3D Simulation Reveals Supermassive Black Holes Eat Much Faster Than Expected
A new study using 3D simulations suggests supermassive black holes may eat faster than previously thought, with some feasts only taking mere months to consume. The older conventional theory says supermassive black holes eat over time at scales ranging from hundreds to hundreds of thousands of years.
Hollywood may have some people believing that a black hole is a wormhole that provides a portal to another dimension or universe. In reality, however, these enigmatic objects located throughout the universe are not actually holes, according to NASA. They are extremely large concentrations of matter that are packed into very tiny spaces, and even though scientists and astronomers have been attempting to study them for many years, not much is known about them. One thing that scientists do believe is that these mysterious cosmic objects have an insatiable appetite, chewing on their food over long periods of time.
A new study led by Northwestern University (NU) is challenging the old hypothesis that black holes eat slowly. According to the team's high-resolution 3D simulations, black holes may in fact devour their food much faster than previously thought.
In a press release from NU, it remarked that the "spinning black holes twist up the surrounding space-time, ultimately ripping apart the violent whirlpool of gas (or accretion disk) that encircles and feeds them." The result is the disk tearing into the inner and outer subdisks, with the black hole first annihilating the inner ring. After that, debris from the outer subdisk flows inward to replenish the gap left behind by the consumed inner ring, and the entire process then repeats itself.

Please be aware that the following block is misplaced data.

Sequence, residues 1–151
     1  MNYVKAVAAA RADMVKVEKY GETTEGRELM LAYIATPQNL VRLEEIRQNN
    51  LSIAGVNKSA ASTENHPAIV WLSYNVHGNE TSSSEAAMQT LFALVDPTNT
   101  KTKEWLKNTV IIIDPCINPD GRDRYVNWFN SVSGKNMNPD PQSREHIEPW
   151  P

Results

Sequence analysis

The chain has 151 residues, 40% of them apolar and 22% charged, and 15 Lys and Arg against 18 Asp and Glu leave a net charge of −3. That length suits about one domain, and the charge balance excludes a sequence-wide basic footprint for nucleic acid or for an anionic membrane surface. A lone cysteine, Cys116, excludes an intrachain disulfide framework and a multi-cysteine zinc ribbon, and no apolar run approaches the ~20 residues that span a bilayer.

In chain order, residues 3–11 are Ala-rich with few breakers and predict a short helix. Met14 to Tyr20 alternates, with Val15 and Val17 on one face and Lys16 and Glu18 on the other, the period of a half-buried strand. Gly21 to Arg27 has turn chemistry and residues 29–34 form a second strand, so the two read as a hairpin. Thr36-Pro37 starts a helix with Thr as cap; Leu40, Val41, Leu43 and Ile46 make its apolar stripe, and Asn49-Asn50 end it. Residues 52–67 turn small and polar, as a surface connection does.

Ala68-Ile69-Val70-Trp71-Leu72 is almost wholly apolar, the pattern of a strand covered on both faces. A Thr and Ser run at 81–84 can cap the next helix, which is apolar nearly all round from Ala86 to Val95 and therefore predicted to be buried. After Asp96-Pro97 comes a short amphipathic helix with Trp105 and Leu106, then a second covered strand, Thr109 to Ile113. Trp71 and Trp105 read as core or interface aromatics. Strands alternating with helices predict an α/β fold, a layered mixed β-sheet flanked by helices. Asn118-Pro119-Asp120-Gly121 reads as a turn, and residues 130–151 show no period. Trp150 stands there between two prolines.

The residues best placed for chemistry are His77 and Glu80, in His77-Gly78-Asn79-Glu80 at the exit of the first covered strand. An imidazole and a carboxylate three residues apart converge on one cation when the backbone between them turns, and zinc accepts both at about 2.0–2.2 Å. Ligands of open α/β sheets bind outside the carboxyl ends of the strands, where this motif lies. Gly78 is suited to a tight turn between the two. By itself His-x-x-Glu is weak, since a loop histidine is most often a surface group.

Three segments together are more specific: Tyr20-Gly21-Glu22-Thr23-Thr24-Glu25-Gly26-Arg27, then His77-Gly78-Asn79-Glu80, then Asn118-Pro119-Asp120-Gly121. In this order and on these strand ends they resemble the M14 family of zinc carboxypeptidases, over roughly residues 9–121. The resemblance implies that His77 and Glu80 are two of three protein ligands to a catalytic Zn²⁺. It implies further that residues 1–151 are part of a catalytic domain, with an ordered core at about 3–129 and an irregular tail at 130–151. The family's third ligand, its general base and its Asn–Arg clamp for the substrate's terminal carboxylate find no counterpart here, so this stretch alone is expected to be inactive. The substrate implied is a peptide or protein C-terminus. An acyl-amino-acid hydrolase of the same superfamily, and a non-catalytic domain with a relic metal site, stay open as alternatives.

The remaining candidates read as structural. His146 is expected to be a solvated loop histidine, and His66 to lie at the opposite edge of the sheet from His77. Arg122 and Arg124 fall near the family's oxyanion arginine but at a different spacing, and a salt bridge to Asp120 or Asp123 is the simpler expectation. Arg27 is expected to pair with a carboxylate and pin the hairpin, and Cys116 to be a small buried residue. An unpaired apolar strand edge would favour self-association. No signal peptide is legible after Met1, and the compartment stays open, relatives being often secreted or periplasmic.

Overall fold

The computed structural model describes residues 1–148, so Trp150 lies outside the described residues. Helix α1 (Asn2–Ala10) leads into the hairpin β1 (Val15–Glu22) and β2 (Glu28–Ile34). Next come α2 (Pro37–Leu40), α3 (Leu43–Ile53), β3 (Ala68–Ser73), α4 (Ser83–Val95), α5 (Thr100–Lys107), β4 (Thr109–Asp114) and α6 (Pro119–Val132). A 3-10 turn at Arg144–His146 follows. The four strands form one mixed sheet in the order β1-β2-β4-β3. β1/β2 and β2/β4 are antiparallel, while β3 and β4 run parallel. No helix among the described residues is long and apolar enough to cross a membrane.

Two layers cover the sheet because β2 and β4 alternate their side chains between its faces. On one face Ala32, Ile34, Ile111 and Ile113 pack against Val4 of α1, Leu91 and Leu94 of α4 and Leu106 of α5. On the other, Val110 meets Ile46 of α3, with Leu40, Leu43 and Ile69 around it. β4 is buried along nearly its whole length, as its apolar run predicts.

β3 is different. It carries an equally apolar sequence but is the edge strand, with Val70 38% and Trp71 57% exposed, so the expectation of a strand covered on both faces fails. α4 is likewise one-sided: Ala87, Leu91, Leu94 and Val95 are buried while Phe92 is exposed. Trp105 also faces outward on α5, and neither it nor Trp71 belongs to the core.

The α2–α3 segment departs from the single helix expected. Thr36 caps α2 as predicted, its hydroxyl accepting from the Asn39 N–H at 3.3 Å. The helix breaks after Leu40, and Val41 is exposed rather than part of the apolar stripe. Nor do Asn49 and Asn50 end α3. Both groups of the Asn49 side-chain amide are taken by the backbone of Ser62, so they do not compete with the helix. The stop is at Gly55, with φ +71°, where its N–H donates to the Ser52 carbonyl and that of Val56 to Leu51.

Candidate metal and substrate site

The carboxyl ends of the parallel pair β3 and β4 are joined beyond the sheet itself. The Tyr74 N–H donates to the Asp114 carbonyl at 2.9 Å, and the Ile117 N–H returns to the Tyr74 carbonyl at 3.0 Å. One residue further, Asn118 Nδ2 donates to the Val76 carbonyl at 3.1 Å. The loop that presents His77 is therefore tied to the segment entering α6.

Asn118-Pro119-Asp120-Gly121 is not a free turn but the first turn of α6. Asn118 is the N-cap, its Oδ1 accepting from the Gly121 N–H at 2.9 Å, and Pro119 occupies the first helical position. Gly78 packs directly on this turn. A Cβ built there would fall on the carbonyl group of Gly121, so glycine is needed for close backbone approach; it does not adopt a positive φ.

This new finding could help explain why some of the brightest objects in the night sky, which include quasars, abruptly flare up and then die out without any explanation.
"Classical accretion disk theory predicts that the disk evolves slowly," remarked Nick Kaaz, lead author of the new study. "But some quasars, which result from black holes eating gas from their accretion disks, appear to drastically change over time scales of months to years." Kaaz explains that the variation is drastic and appears like the inner part of the disk, where most of the light originates from, ends up getting destroyed and then replenished. He contends that classical accretion disk theory cannot explain this variation, however, the team's new simulations potentially could.
The team utilized Summit, one of the world's largest supercomputers located at Oak Ridge National Laboratory, in order to carry out a 3D general relativistic magnetohydrodynamics (GRHMD) simulation of a thin, tilted accretion disk. Because of the immense power of the supercomputer, the team was able to include gas dynamics, magnetic fields, and general relativity that previous models were unable to include.
The results indicate that these "fast cycles of eat-refill-eat" may explain so-called "changing-look" quasars. Typical quasars are extremely bright objects that emit 1,000 times more energy than the entire Milky Way's 200 billion to 400 billion stars. Changing-look quasars are even more luminous and appear to turn on and off over a period of months, which is a stark comparison to a typical quasar, according to NU.
The team says that the new simulations could potentially explain quasars, as well as ongoing questions about the mysterious nature of black holes. Kaaz added, "How gas gets to a black hole to feed it is the central question in accretion-disk physics. If you know how that happens, it will tell you how long the disk lasts, how bright it is, and what the light should look like when we observe it with telescopes."
Top Image Credit: A. Tchekhovskoy/Nick Kaaz/Northwestern University